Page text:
And this also brings me back around to non-attachment. It is only because I practice non-attached loving that I am able to handle some situations with any grace at all. Because I don’t want to be bitter. I choose not to be angry. And the principles of non-attachment allow me to say “You are perfect in your (insert name)ness. Namaste.” The principles of non-attachment allow me to let go of that which is not meant for me without leaving claw marks on relationships or people.

I noted today that I have come a long way in regards to my dad’s death. I can reflect on him when I bring him consciously to mind without distress these days. I’ve had a number of comforting dreams lately in which he appeared. But when my subconscious does its work, when my own brain slaps me with that loss from out of nowhere…then I am a small and wounded child again.

Janus’ Joy


These are the items that made it into my Joy Jar for 2014. And, yes, I already have a jar for 2015, though I have to take the wild rice out of it so I can use it. There are a lot of good memories in here, and you should know that things got so crazy after my move that there are many beautiful moments that aren’t represented because I forgot to drop in a stone when they happened. Yet, the jar is still so full I have to stuff the things in to make them all fit. 2014 was a large and wonderful year for me, and I haven’t added a marker from last night or from my recent trip yet. I need to do that today.

But it is the bittersweet, the Janus part, that I want to talk about today. There are a great number of items that represent time and adventures spent with someone I am very unlikely to see again. I look back, and I smile, because these events happened and I was filled with joy in those moments. I look forward and know they will not happen anymore, and I am saddened. Janus. I see in both directions.

In the past I would have, mostly without noticing, erased all these events from my mind. I am very good at Dissociative Memory Loss, having had four decades of practice. Today, I am deciding I don’t want to do that. I would lose the pain, but I would also lose all that joy. The trade-off is not worth it. I want to keep the joy, and so I will sit with the pain as well. Later today, I will go through the trinkets, and I will record in my journal the joyful memories around this person so that I have the joy forever. And then I will finish letting the person go. It’s quite possible that I should have done this yesterday, in the old year, but I was busy doing yet more joyful things yesterday and so did not have time to sit and reflect in a manner worthy of what I want to record for myself.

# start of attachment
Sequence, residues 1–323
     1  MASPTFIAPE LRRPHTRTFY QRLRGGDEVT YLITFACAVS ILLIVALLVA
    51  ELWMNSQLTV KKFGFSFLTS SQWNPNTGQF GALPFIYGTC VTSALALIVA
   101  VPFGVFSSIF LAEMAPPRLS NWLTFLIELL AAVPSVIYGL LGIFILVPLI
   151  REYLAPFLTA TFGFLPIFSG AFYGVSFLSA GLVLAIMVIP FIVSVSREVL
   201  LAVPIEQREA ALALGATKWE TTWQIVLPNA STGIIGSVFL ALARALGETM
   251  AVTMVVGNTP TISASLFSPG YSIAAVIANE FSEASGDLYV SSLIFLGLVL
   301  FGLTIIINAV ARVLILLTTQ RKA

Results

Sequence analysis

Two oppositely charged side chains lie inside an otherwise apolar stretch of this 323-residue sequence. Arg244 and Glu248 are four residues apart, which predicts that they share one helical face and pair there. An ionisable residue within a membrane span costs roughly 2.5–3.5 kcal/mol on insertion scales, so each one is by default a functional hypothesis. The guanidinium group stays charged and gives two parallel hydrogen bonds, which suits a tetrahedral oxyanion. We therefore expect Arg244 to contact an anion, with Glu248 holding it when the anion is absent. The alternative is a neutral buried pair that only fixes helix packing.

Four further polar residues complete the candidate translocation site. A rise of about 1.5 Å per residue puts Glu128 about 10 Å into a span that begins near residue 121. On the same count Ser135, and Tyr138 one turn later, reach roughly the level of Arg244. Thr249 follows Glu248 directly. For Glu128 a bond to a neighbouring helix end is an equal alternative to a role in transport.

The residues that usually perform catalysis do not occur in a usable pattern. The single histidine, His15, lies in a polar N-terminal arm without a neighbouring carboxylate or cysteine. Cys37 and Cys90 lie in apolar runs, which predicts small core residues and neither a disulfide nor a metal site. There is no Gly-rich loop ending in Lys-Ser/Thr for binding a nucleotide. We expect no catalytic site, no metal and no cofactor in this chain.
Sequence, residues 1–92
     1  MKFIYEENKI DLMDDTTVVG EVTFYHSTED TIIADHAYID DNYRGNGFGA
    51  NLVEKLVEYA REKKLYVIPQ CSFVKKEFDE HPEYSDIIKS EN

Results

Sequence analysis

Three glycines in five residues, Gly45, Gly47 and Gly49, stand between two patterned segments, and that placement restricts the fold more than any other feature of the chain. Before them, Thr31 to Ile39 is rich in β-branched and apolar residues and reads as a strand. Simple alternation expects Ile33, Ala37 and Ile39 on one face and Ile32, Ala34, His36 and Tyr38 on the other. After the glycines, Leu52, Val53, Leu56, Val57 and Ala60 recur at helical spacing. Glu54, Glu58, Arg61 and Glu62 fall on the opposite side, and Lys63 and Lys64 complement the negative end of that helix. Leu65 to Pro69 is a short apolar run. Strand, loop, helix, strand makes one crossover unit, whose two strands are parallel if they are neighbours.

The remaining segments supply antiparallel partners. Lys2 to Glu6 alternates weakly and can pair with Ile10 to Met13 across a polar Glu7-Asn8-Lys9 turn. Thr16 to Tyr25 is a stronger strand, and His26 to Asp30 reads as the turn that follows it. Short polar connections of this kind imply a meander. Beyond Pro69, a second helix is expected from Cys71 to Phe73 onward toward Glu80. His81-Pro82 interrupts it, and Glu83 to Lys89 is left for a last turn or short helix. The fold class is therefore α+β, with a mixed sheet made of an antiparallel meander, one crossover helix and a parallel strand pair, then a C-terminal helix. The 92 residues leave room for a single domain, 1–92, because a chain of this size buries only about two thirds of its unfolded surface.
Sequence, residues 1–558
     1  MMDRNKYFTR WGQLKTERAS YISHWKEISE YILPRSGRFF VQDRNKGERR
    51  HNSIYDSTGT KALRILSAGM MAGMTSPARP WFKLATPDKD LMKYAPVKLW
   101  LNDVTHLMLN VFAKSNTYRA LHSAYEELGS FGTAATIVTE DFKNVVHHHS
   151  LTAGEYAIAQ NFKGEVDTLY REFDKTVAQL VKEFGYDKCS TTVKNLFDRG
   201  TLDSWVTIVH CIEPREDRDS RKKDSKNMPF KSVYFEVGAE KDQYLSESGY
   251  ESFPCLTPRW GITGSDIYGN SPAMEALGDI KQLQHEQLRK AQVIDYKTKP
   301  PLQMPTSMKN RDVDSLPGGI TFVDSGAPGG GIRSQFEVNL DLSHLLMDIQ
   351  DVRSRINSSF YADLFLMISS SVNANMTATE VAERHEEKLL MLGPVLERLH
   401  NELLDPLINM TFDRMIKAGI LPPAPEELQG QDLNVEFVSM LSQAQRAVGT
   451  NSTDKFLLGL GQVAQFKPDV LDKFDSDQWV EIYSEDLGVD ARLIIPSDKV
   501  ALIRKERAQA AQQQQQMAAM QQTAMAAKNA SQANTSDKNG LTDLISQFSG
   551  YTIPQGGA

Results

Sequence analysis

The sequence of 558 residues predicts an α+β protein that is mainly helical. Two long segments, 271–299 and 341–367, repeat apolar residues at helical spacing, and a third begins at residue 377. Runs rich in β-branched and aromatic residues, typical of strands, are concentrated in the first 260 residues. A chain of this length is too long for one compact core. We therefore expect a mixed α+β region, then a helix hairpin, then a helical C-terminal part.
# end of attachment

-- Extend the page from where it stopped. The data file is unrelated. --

I had an interesting discussion on the way to New York about non-attachment. My travel companion thinks that you cannot love someone as deeply in a non-attached way as you can in an attached way. I disagree. I think that choosing to love someone without expectations allows both parties to enter into relationship fully and freely for as long as they mutually choose to do so. And it allows a relationship to follow its natural course– even when the parties change and the relationship does not go the way I hope. It makes it easier for me to continue to think of them with fondness, to genuinely wish for them peace and joy and all good things. It makes me more willing to sit with the pain of loss, because I still get to count all the joy as mine.

Non-attachment doesn’t preclude hurt and confusion, but it does preclude anger, because if I have no expectations from the outset, there is nothing to be angry about. Non-attachment allows me to continue to love someone, even when we are no longer in communion. I’ll take that over bitterness any day of the week.

Response art


I made this after finishing Artful Grief.  I’ve called it “when the heart is broken, love pours out.”

Start of another art


“Professional Grief”

People I used to be




Years of undergrad syllabi, exams, papers, and journals.